- 1 tsp whole peppercorn
- ¼ tsp salt
- 1 tsp sugar
- 1 ½ cups of water
- 8 tbsp soy sauce (preferably dark)
- 4 tbsp white vinegar
- 3tbsp cooking oil
- Mix garlic with the soy sauce to create a marinade.
- Marinate the chicken pieces in the marinade. Make sure that this is for at least one hour but preferably, marinate overnight for extra flavour. (Keep your remaining marinade – you will need this later).
- Heat a cooking pot to medium-high heat and add the cooking oil.
- Pan-fry the marinated chicken until cooked on both sides.
- Add the remaining marinade and water and bring to boil.
- Once boiling, add the peppercorns and bay leaves and bring down to a simmer. Simmer for around 30 minutes until the chicken is tender.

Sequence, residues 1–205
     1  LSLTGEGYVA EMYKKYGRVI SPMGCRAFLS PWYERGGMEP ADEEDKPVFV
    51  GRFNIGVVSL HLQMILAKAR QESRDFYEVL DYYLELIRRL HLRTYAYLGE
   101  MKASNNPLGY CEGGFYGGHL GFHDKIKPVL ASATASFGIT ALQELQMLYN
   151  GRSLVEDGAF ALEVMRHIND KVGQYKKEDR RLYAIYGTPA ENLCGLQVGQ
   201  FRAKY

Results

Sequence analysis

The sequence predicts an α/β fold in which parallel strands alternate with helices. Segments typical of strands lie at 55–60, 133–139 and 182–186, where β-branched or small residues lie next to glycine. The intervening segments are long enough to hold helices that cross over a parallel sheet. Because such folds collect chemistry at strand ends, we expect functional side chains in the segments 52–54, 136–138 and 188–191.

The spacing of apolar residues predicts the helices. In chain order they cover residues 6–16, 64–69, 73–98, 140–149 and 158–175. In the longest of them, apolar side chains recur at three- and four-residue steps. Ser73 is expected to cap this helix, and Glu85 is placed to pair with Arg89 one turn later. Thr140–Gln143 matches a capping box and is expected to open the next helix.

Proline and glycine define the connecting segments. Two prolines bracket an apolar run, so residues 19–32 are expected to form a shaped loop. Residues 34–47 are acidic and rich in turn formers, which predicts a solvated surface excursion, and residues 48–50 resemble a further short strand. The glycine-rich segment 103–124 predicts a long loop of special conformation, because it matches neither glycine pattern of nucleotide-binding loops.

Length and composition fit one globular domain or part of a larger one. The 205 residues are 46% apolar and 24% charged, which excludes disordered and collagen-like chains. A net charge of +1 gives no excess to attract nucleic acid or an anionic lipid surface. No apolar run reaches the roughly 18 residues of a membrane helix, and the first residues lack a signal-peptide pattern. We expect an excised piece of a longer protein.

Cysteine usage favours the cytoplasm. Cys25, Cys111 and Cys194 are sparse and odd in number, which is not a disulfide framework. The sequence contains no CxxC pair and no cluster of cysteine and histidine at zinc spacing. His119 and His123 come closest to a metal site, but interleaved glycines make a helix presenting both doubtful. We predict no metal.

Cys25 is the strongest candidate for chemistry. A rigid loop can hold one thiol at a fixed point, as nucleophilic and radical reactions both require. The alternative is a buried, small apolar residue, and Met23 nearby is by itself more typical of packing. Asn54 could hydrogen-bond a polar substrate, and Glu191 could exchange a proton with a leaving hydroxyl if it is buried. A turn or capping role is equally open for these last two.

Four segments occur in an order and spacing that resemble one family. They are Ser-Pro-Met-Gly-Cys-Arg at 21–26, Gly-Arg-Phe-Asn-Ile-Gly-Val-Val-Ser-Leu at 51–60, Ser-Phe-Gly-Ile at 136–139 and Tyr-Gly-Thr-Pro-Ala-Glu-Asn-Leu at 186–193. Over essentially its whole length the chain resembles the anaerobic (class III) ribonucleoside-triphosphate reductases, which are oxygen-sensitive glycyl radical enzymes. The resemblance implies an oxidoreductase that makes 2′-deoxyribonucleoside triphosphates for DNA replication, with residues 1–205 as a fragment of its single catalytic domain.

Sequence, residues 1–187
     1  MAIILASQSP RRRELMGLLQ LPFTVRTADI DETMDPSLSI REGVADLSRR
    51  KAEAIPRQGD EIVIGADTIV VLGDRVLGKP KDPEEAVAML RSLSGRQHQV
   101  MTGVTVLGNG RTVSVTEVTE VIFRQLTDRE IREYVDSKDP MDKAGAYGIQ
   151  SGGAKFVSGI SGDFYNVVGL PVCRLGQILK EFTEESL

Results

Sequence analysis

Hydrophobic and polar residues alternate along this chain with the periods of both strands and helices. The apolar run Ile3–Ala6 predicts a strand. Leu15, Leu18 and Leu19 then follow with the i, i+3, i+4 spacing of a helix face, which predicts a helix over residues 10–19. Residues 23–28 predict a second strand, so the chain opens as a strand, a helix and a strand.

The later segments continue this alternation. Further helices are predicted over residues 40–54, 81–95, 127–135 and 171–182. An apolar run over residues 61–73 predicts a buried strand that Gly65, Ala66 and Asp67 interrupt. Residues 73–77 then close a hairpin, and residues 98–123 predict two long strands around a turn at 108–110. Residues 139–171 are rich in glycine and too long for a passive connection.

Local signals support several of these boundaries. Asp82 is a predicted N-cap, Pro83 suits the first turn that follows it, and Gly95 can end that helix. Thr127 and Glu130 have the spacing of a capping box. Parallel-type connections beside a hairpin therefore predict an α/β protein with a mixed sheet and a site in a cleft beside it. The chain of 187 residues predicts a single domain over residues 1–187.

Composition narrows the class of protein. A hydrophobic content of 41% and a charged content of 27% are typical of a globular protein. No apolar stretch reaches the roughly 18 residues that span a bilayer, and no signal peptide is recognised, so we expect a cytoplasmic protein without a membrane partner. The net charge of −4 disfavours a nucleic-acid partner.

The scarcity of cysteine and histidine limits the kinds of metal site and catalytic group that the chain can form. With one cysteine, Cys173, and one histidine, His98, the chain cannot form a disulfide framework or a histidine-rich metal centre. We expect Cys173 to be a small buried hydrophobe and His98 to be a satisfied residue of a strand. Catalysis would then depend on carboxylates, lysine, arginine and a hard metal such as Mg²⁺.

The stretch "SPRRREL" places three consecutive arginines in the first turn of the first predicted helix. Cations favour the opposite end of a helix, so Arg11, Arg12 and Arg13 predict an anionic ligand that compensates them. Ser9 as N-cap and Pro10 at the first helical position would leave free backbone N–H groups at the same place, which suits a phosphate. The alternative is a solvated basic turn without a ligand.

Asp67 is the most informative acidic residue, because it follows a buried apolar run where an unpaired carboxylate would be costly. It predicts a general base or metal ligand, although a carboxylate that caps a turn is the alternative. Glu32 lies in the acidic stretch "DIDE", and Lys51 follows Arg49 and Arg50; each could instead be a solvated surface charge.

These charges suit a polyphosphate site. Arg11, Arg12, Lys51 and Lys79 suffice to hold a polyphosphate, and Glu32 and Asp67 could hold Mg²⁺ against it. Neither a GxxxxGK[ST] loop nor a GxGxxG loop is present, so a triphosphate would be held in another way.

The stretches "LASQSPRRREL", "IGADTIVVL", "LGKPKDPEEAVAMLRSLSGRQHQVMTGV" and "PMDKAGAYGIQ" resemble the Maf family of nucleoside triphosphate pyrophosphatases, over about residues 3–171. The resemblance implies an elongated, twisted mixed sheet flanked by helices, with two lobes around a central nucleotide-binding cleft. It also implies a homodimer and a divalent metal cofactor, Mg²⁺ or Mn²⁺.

- Stir in the vinegar and continue simmering for another 10 minutes.
- Stir in the sugar and salt.
- Serve over freshly boiled white rice
The Ultimate Comfort Food: Chicken Soup
Is there anything better than a hearty bowl of chicken soup to cheer you up when you’re feeling low? We would argue not. Chicken soup is medicine for the soul. Whether there’s a scientific reason that this dish never fails to make us feel better or it’s all just in our heads is by the by. All we know is that when you’re not feeling your best self, a batch of this traditional Jewish chicken soup can sometimes be the remedy.
Ingredients (for 8 servings):
- Whole chicken
- 1 white onion: chopped
- 8 carrots: peeled and sliced
- 1 parsnip: chopped
- 3 garlic cloves: crushed
- 2 ribs of celery: chopped
- 1 bunch fresh dill weed: chopped
- 2 cups of matzo meal
- 6 eggs
- 6 tbsp vegetable oil
- 2 tsp salt
- salt and pepper to taste
- Place whole chicken in a pot, breast side down.